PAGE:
Having already stranded Mads Mikkelsen in the Arctic Circle, director Joe Penna apparently decided that his next survival film would amp up the desolation, settling upon the only plausible option: outer space. This time, however, the struggle for resources involves a horrific moral calculus, to be worked out by a crew of four. As the title suggests, it was meant to be three; Stowaway opens with the launch of a rocket headed for Mars (the year is never stated, but there’s a colony in place), commanded by Marina Barnett (Toni Collette) and including biologist David Kim (Daniel Dae Kim) and medic Zoe Levenson (Anna Kendrick). They’re on a two-year mission, roughly half of which will be spent in transit, six months each way. Only when they’re some distance from Earth, however, do they discover that a NASA tech dude, Michael Adams (Shamier Anderson), got knocked unconscious while making a last-minute check of the ship’s innards, somehow failed to be noticed as missing, and so inadvertently came along for the ride.
Now, did they pack enough toothpaste for four people? Stowaway’s actual concern is considerably more urgent than that, and complicated by Michael turning out to be the nicest person imaginable. After an understandable initial freakout—this is the ultimate version of that old party-hard cautionary tale about passing out and awakening in another country—he declares himself ready to assist his crewmates in any way that he can, volunteering to do grunt work and eventually serving as David’s assistant for on-board experiments with microgreens. Penna and his regular co-writer/editor, Ryan Morrison, stack the deck further by giving Michael a younger sister who depends upon him (NASA, upon learning what happened, immediately assumes her care), along with a tragic backstory involving the two of them surviving an apartment fire that killed their parents. He’s pretty much the last guy in the world you’d want to politely ask to please stop breathing. But, then, none of them are “in the world” at all—and math is unforgiving.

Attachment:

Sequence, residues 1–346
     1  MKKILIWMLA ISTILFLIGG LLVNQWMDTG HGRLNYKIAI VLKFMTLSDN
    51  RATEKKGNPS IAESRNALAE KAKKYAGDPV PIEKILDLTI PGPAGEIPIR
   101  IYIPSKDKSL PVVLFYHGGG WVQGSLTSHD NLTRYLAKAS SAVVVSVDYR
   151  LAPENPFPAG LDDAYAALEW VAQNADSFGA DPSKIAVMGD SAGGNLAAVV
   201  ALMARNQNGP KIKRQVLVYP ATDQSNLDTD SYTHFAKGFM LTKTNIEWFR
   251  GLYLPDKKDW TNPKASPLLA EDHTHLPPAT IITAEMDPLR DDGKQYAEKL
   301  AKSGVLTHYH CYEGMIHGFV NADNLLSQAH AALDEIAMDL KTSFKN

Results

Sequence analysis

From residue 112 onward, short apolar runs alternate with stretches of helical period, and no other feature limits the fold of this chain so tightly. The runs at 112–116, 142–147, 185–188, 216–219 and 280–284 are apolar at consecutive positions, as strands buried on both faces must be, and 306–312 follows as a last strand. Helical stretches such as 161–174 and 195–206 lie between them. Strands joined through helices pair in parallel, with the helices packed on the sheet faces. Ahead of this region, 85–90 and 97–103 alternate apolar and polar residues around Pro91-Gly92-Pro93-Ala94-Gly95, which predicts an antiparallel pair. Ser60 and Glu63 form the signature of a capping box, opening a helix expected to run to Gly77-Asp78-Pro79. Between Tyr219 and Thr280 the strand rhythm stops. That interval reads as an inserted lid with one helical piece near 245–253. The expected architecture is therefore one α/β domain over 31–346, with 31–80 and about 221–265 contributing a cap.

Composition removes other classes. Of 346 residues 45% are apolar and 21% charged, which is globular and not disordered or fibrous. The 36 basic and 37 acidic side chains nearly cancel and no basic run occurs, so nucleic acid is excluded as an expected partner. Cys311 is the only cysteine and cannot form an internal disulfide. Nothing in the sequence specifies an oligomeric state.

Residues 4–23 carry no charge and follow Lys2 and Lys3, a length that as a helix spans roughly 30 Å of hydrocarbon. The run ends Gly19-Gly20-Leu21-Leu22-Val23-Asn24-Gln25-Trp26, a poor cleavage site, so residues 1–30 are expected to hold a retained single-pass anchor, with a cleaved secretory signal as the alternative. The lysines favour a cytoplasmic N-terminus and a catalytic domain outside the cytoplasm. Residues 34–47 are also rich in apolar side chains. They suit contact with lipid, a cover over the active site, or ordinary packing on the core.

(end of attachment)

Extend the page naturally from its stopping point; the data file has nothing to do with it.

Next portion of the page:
Like everything else in Stowaway, this dilemma gets handled with a gratifying degree of verisimilitude. The launch sequence at the beginning involves enough credible-sounding jargon to make most such movie scenes feel phony by comparison; a dozen or so consultants get cited in the closing credits, and it’s clear that Penna and Morrison utilized them to fashion as realistic a depiction of manned space travel as they could, given their presumably modest budget. (One clever touch: a pendant hanging around Zoe’s neck indicates when the ship leaves Earth’s gravity and when artificial gravity kicks in.) Rather than pretend that human beings could reach Mars in one go, the film depicts how it might actually work, which involves the initial rocket docking with an ultra-long segmented craft that then rotates its way to the fourth planet, tumbling end over end. That layout figures heavily into the movie’s climax, which sees two crew members embark upon a truly dangerous 11th-hour effort to keep all four of them alive for the duration.
While ably orchestrated, this final stretch—featuring actors in spacesuits scrambling around a damaged ship—inevitably recalls Gravity, and lacks the technical facility to compete with Alfonso Cuarón at his most ingenious. Similarly, an initial solution to the problem involving David and his algae will feel familiar to anyone who saw Matt Damon struggle to expand his food supply in The Martian. That film spends half of its time on the ground observing NASA’s brain trust, but Stowaway leans into its small ensemble’s isolation. During all communications with Earth, we hear only the crew’s half of the transmission, and it’s quickly clear that nobody back home has any non-devastating answers.
The film is strongest when simply exploring the terrible notion of triage among the healthy, with everyone involved fully aware of which individual will be deemed the most expendable. (While race is never so much as hinted at on screen, casting a Black man in that role nonetheless adds pointed subtext.) All four actors do fine work, with Anderson deftly avoiding pushing Michael’s vulnerability into the saccharine zone and the others spanning an emotional spectrum that ranges from hard-headed practicality to anguished denial. In the end, Stowaway becomes a full-fledged weepie, acknowledging the vast emptiness into which its characters have either willingly or accidentally thrust themselves. Nature doesn’t care.